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Pronunciation of Calls: Learn how to pronounce Calls in English correctly

Learn how to say Calls correctly in English with this tutorial pronunciation video.

Oxford dictionary definition of the word call:

1 [with object] cry out to (someone) in order to summon them or attract their attention:
she heard Terry calling her
[no object]:
I distinctly heard you call
cry out (a word or words):
he heard an insistent voice calling his name
Meredith was already calling out a greeting
[no object] (of an animal, especially a bird) make its characteristic cry:
the mother bird was calling from the twig
shout out or chant (the steps and figures) to people performing a square dance or country dance.
telephone (a person or telephone number):
could I call you back?
summon (an emergency service, taxi, etc.) by telephone:
if you are suspicious, call the police
bring (a witness) into court to give evidence:
four expert witnesses were called
[with object and infinitive] archaic inspire or urge (someone) to do something:
I am called to preach the Gospel
fix a date or time for (a meeting, strike, or election):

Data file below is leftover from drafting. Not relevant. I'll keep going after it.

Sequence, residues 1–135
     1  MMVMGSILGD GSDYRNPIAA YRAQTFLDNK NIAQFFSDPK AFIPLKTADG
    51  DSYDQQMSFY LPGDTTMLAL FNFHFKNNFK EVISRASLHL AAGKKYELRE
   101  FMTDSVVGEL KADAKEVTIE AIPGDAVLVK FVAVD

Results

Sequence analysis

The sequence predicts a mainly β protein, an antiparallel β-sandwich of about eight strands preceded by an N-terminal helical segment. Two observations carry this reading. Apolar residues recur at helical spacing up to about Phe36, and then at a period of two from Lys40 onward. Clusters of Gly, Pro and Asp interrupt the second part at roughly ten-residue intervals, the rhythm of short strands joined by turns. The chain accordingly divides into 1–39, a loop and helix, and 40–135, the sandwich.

she intends to call a meeting of the committee early next week
there appeared to be no alternative but to call a general election
Bridge make (a particular bid) during the auction:
her partner called 6♠
[no object] guess the outcome of tossing a coin:
‘You call,’ he said. ‘Heads or tails?’
predict the result of (a future event, especially an election or a vote):
in the Midlands the race remains too close to call
Cricket (of an umpire) no-ball (a bowler) for throwing:
the umpire never called him in a first-class match, only in a festival game
Computing cause the execution of (a subroutine):
one subroutine may call another subroutine (or itself)
2 [with object and complement] give (an infant or animal) a specified name:
they called their daughter Hannah
(be called) have a specified name:
her companion was called Ethel
he has written a book called The Secret Life of Wombats
address or refer to (someone) by a specified name, title, etc.:
please call me Lucy
refer to or consider (someone or something) as being:
he’s the only person I would call a friend
(of an umpire or other official in a game) pronounce (a ball, stroke, etc.) to be the thing specified:
the linesman called the ball wide
3 [no object, with adverbial of place] chiefly British (of a person) pay a brief visit:
I’ve got to call at the bank to get some cash
he had promised Celia he would call in at the clinic
(call for) stop to collect (someone) at the place where they are living or working:
I’ll call for you around seven
(call at) (of a train or coach) stop at (a specified station or stations) on a particular route:
the 8.15 service to Paddington, calling at Reading